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Why is the UK interested in volcanoes? We don’t have any of our own!

Eruption column from the explosive phase of the Eyjafjallajokull eruption drifting over a farm  - image by Bristol volcanologist Susanna Jenkins
The University of Bristol’s volcanology group has been awarded the Queen’s Anniversary Prize for its contribution to research excellenceThe Queens Anniversary Prize is the most prestigious form of national recognition an institution can receive. When I tell members of the public that, not only am I a volcanologist, but that I am part of the one of the largest and most successful volcanology groups in the world, the first reaction is always surprise: ‘Why is the UK interested in volcanoes? We don’t have any of our own!’

They are right of course, the Bristol volcanology group spends its time travelling all over the world to address volcanic risk in many countries, from the first to the third world. When one looks back on volcanic eruptions in recent history, especially the big, memorable ones like Mount St Helens, Eyjafjallajokull and Montserrat one realises that Bristol volcanologists were there at every stage.

There are, of course, many layers to handling a volcanic crisis. First there’s initial monitoring; will this volcano erupt at all? Often this involves going to volcanoes that have been little studied in remote places, or monitoring them from satellites: something which Bristol volcanology has taken in its stride, by trailblazing projects on understudied African volcanism
InSAR image showing volcanic uplift in the Great Rift Valley as part of research by Bristol volcanologist Juliet Biggs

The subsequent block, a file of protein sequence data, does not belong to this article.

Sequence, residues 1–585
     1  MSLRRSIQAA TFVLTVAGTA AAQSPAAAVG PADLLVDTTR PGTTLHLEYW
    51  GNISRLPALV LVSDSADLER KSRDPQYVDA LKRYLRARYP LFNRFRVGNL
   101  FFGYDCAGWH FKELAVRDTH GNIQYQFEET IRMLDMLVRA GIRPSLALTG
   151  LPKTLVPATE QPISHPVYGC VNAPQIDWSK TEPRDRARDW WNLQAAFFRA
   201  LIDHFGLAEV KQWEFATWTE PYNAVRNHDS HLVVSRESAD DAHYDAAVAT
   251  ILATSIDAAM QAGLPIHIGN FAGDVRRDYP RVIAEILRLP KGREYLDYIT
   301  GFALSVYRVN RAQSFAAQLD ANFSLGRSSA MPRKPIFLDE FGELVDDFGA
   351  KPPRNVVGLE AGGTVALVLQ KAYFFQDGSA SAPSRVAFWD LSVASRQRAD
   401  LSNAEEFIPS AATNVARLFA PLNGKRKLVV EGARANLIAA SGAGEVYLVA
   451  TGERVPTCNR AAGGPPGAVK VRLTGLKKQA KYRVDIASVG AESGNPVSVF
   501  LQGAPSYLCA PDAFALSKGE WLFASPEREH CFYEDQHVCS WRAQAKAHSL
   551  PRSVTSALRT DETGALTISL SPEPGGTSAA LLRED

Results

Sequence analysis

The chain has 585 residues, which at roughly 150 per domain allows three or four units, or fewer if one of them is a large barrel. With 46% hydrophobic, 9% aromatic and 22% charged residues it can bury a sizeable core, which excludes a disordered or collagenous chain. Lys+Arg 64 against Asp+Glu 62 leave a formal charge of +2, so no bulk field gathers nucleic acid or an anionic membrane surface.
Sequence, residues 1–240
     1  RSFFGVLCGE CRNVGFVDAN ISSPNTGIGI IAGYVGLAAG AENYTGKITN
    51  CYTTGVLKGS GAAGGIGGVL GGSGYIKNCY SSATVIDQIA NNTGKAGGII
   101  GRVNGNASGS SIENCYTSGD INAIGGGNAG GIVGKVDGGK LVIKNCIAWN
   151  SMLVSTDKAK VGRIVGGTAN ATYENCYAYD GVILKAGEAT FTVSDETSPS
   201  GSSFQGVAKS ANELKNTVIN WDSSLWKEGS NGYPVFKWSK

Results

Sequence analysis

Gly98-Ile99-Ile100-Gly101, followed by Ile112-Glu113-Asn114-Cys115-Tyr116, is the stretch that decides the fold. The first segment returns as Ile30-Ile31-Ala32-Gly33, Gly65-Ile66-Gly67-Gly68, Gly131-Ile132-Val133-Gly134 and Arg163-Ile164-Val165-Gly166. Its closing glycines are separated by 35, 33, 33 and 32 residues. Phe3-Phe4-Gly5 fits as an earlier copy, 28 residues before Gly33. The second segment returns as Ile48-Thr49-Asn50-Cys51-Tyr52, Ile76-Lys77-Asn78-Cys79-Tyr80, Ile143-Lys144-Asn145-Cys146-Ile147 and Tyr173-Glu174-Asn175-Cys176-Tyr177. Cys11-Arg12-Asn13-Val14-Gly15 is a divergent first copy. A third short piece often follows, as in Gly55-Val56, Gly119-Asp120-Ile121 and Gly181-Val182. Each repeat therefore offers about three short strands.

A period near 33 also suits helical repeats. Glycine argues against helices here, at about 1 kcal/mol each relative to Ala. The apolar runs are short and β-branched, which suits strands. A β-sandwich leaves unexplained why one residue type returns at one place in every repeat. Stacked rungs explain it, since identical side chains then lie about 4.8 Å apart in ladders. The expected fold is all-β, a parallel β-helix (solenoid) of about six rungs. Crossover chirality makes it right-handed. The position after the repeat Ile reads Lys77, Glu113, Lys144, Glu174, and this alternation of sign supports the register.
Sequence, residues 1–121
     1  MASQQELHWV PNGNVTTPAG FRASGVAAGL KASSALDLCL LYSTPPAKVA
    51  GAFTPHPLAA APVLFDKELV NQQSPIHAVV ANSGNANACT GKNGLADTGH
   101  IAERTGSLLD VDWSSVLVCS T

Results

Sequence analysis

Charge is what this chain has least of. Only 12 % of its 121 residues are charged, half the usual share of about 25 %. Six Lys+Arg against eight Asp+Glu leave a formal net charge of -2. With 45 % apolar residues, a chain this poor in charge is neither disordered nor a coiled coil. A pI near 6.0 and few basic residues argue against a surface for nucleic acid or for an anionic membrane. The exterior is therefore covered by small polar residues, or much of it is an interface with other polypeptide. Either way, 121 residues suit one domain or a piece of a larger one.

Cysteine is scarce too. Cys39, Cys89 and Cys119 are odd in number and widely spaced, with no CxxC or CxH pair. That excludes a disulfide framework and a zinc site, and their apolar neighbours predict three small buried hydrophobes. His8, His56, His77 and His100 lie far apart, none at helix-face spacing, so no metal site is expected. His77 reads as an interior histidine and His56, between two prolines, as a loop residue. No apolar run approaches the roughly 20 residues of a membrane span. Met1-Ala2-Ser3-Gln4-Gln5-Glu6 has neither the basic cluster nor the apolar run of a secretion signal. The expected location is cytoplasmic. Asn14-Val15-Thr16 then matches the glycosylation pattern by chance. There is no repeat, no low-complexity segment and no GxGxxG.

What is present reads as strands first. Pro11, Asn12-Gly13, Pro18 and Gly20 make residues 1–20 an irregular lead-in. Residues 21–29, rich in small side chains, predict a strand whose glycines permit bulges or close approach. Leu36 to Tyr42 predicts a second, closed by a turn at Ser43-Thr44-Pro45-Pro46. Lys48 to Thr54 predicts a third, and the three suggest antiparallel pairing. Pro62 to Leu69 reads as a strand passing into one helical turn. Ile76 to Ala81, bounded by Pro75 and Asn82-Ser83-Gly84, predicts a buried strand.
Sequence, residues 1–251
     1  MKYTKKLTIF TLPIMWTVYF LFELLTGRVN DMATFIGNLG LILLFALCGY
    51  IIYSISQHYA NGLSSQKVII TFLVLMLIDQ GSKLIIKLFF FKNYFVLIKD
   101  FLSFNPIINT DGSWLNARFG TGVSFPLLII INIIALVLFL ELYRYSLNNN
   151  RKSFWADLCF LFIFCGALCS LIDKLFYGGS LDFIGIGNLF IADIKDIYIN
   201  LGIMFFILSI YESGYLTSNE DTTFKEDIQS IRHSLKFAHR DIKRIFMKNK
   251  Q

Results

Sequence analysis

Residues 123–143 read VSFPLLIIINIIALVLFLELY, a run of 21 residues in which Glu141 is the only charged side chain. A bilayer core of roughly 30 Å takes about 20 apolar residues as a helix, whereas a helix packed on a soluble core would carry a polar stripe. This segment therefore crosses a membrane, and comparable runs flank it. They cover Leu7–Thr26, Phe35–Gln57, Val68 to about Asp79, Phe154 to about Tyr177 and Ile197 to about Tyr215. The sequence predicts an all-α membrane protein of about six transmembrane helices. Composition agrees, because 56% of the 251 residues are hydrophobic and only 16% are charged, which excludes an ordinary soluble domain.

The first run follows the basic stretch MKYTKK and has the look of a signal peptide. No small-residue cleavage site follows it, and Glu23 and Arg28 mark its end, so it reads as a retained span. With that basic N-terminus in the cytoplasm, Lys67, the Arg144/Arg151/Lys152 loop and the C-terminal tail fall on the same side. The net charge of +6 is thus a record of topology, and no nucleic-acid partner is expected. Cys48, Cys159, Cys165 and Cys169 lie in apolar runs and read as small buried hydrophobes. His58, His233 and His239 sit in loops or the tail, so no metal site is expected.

Then there’s handling eruptions as they happen. Who will be affected? What are the primary risks? How should we respond to the media? Bristol has a glowing history of aiding in volcanic crisis by supplying the information when the world needs it. During the 2010 Eyjafjallajokull ash and aviation crisis, Bristol led the way in supplying expert opinion on managing the situation.

Still there is no rest for our volcanologists. Afterwards there’s the post-eruption work: Working out what made the volcano erupt and understanding the physical processes surrounding an event. How does it fit into the wider setting? Are the volcanoes linked? These questions have been asked and answered by our volcanologists who have also reached out to form a global database with other institutions. This has resulted in more cohesion in the community, and a greater understanding of how volcanoes interact.

A wealth of different specialities have populated the group since it was started by Professor Steve Sparks  including petrologists, geophysicists and geochemists. It is a result of this diverse environment that Bristol has been able to excel in so many areas. With natural hazards occurring on a near-daily basis, it's safe to say the group has played its part in reducing the uncertainty of volcanic hazard across the globe.  The Queen’s Anniversary Prize is an amazing recognition of the work that has been done over the years and a well-deserved reward for the hard work of the Bristol volcanologists.
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This blog is written by Cabot Institute member Keri McNamara, a PhD student in the School of Earth Sciences at the University of Bristol.
Keri McNamara

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